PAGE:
Houston Calling

10 Questions for Local H

May 4th, 2004 · No Comments

Local H is an excellent band from Chicago and the guys are finally coming back to Houston. Last time the band was in town, they played the Engine Room on a rainy night after another rainy night cancelled a Party on the Plaza gig. Maybe 100 people attended, but Local H rocked like they were playing to a stadium of thousands. I have seen Local H play in Chicago (where their gigs typically sell out in advance), Dallas, and Houston, and the band always puts on an excellent show.

Last month, the band released its fifth full-length album, Whatever Happened to P.J. Soles? on Studio E Records. It is an excellent album–one of the band’s best efforts to date. Read information on the band’s newest release at Swizzle-Stick.

Local H drummer Brian St. Clair was gracious enough to answer some questions for Houston Calling. Enjoy.

HC: What’s your description of the new Local H album, Whatever Happened to P.J. Soles?

Brian: It is sort of a big mix of all the past styles the band has tried. We also did experiment quite a bit with a few songs. This made for some fun looping (track 1) and editing (“Dick Jones”).

HC:Where did you record it? How long did it take? Who produced it?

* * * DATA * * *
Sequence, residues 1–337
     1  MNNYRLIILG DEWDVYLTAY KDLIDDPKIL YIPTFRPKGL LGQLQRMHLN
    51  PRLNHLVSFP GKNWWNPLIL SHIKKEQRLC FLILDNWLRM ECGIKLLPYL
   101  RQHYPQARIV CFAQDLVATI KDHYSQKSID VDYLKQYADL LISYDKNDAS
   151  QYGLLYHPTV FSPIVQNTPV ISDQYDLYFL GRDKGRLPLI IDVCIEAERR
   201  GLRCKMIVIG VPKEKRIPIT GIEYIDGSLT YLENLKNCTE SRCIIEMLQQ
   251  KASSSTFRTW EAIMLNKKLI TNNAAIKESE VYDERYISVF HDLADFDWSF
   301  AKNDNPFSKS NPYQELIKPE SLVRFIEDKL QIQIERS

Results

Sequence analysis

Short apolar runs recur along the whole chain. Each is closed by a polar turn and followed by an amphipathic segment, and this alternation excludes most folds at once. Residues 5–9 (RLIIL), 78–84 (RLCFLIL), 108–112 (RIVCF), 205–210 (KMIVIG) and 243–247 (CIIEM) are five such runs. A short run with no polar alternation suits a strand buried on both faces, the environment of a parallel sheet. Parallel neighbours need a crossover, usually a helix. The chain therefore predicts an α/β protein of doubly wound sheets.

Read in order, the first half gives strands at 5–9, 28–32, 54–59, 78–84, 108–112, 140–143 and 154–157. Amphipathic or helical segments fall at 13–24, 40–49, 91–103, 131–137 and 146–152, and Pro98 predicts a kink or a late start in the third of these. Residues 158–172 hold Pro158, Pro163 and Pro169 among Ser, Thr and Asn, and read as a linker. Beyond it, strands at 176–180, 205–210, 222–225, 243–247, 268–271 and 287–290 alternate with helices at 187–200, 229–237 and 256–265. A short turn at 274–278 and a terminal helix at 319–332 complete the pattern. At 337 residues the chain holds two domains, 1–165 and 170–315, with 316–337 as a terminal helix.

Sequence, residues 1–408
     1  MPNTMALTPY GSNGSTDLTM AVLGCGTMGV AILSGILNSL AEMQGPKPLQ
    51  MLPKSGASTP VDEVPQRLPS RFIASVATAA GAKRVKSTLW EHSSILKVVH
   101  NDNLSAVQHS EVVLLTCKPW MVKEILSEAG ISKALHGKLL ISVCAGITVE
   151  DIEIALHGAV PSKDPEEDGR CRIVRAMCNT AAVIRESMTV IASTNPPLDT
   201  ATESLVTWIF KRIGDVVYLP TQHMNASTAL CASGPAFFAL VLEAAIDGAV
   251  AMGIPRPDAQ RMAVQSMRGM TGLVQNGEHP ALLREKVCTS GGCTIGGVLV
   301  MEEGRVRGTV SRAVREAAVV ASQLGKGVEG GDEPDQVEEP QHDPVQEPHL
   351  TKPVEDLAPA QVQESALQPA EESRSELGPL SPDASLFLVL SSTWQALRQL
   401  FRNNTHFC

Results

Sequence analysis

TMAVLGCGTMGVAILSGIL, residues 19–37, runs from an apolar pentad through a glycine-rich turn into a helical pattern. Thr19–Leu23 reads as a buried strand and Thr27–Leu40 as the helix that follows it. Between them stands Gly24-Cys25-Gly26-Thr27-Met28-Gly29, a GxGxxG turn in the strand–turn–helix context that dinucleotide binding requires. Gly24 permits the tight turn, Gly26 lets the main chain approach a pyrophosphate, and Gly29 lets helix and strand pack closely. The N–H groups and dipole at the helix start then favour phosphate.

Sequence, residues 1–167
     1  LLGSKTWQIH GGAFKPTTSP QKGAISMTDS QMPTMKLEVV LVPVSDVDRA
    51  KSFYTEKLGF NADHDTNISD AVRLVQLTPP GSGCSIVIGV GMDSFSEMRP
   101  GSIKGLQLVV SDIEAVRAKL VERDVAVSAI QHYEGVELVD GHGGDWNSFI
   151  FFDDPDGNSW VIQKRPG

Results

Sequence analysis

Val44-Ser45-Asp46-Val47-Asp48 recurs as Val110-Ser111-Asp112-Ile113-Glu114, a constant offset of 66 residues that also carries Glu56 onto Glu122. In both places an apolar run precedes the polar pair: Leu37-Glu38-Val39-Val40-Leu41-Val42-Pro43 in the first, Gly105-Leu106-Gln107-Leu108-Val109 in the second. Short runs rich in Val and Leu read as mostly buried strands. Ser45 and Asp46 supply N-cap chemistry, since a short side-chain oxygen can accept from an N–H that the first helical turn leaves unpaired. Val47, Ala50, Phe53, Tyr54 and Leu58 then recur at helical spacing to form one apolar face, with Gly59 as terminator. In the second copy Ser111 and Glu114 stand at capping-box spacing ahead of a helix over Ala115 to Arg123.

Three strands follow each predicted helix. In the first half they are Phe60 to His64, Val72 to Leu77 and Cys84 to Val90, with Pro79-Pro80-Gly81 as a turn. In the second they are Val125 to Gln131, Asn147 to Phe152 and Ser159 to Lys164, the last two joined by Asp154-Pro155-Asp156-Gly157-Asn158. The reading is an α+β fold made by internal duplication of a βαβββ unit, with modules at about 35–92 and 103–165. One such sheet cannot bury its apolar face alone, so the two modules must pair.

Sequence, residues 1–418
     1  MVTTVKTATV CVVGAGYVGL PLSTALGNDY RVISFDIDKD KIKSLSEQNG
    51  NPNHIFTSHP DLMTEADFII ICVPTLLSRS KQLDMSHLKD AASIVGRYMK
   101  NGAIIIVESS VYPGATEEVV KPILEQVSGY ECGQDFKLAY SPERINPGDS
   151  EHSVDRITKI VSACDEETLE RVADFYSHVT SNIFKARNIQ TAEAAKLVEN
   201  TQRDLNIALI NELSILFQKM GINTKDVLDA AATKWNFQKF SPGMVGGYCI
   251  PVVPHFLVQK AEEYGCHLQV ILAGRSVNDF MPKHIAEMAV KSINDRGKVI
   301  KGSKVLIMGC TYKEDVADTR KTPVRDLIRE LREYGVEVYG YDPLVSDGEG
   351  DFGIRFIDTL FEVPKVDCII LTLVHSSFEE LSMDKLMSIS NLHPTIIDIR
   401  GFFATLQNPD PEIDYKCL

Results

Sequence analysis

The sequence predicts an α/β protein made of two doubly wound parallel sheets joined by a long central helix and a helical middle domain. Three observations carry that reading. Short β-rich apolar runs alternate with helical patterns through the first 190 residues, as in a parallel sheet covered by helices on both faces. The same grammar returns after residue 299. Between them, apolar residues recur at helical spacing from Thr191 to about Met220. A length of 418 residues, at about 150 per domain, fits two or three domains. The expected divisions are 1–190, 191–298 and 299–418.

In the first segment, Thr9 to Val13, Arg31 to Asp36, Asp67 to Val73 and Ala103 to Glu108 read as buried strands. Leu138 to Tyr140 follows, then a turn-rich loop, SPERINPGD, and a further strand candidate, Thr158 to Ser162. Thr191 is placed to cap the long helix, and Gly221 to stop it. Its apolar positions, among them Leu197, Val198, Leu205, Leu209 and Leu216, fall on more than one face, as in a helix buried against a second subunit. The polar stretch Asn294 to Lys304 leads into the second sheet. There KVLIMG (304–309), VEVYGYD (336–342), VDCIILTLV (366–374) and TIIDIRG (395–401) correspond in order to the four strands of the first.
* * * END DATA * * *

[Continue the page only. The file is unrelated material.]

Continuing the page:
Brian: At a friend’s studio in Chicago called Million Yen. It spanned over several months, maybe six. Scott Lucas and myself produced it.

HC: The last two albums and the EP seem to be showing a progressive shift toward more of a classic rock’n’roll feel than the previous Local H albums. Do you agree, and if so, to what do you attribute the changes to?

Brian: I would agree that Here Comes The Zoo did. I think the change is that I am in the band. I feel like I contribute to the band differently than the last drummer did. I just look at things differently with in turn would make Scott look at things differently too. That’s my take, but Scott may or may not agree.

HC: What do consider to be your primary musical influences? Any drummers out there you particularly admire?

Brian: Late 70’s & early 80’s punk rock. My favorite bands from that era were The Damned, Crucifix, Discharge, Effigies, D.O.A., Minor Threat, Black Flag, and Crass.

Not really, just Chuck Biscuits (D.O.A.) and Bill Stevenson (Black Flag/Descendents).

HC: How does your songwriting process work, with Scott being in Chicago and you living in New York City? Is it challenging or do you find it helps?

Brian: It’s not that hard. When it’s time to work on something it happens when we are both around. Scott may just bring a song in from time to time and we f*** with it but it isn’t a regularly planned event. It just comes out when it is time.

HC: What is the one description that you hate to hear about Local H’s music?

None. Most people have to compare music to something to get an understanding of it. I could say I wish everyone would say that we sound like two guys playing loud music, but that’s dumb. Nobody would know what the hell that meant. But if you say we are like AC/DC meets Nirvana, they are like, “Oh, cool.” Whatever.